Cato Supreme Court Review 2005-2006

By Roger Pilon; Robert A. Levy et al. | Go to book overview
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Religion and the Constitution:
A Libertarian Perspective

Nadine Strossen*

I. Introduction

I am so honored to deliver this lecture, named after a generous supporter of individual liberty, B. Kenneth Simon. Roger Pilon, who holds the chair in constitutional studies that Ken Simon so generously endowed, has told me about Ken’s inspiring commitment to the Constitution and the ideals of the Founders. Ken was an entrepreneur, but he also devoted much time to studying issues of constitutional law and history. In Roger’s words, Ken had a “lifelong love” for those topics. And thanks to his generosity that love is bearing fruit today.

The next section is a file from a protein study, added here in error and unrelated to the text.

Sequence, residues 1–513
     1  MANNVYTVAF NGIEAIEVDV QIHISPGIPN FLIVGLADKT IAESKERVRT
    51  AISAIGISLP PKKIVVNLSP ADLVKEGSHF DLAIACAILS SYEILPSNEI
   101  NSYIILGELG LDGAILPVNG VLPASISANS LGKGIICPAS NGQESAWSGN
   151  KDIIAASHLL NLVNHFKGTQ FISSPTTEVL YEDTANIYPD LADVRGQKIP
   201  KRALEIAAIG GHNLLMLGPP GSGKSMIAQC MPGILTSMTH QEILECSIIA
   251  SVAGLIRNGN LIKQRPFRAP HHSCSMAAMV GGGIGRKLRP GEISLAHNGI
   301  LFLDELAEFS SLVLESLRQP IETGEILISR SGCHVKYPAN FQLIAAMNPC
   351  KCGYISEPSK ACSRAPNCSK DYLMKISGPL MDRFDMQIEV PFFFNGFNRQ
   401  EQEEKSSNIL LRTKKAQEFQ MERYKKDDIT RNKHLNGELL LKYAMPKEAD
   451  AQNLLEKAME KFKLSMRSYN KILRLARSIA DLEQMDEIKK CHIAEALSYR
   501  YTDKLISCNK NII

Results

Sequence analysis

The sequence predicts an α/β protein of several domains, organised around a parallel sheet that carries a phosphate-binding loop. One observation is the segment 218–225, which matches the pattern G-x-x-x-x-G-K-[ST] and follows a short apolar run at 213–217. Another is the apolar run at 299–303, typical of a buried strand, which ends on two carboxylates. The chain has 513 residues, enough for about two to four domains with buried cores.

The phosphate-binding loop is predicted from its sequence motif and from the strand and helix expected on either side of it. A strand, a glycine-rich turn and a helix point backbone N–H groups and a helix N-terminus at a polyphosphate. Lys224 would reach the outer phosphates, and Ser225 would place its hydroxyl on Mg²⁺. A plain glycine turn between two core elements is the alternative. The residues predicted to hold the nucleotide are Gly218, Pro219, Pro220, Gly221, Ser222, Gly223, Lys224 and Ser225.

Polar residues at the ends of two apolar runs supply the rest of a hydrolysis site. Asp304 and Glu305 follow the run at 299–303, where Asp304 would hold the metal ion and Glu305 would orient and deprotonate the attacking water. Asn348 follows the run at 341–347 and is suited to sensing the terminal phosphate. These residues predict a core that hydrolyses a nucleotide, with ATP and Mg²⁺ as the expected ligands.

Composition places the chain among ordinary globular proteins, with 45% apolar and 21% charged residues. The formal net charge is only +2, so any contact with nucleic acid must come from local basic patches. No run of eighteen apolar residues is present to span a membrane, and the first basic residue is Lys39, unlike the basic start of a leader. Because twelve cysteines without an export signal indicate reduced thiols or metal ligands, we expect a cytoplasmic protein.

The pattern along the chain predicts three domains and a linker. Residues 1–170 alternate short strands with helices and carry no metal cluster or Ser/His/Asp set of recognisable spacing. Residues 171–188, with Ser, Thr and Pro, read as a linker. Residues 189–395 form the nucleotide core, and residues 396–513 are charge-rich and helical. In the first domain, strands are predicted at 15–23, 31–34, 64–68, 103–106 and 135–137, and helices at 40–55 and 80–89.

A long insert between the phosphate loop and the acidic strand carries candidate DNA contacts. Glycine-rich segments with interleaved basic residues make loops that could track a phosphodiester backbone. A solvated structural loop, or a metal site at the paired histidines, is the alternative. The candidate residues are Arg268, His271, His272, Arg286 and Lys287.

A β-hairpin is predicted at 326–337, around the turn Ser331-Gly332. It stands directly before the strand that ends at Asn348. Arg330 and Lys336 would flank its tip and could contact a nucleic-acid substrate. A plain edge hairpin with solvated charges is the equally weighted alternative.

It is also an honor to follow in the footsteps of my distinguished predecessors in this lecture series, including Chief Judge Douglas Ginsburg of the U.S. Court of Appeals for the D.C. Circuit, who is gracing us with his presence today. Along with the Cato Institute, the ACLU is strictly non-partisan. We neutrally advocate civil liberties principles. Therefore, I applaud and thank Roger for inviting libertarians with diverse ideological views to deliver the Simon Lecture.

Of course, even those of us who agree on basic libertarian principles do not necessarily agree on how they apply in particular contexts. That is why I have entitled my presentation, A Libertarian Perspective on Religion and the Constitution. I fully realize that no two thinking libertarians are likely to agree on the whole range of complex issues involved.

*Professor of Law, New York Law School; President, American Civil Liberties Union. For assistance with the footnotes for this piece, Professor Strossen gratefully acknowledges her chief aide, Steven C. Cunningham (NYLS ‘99), and her assistant, Danica Rue (NYLS ‘09); they bear most of the responsibility, as well as the credit, for most of the footnotes.


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Cato Supreme Court Review 2005-2006


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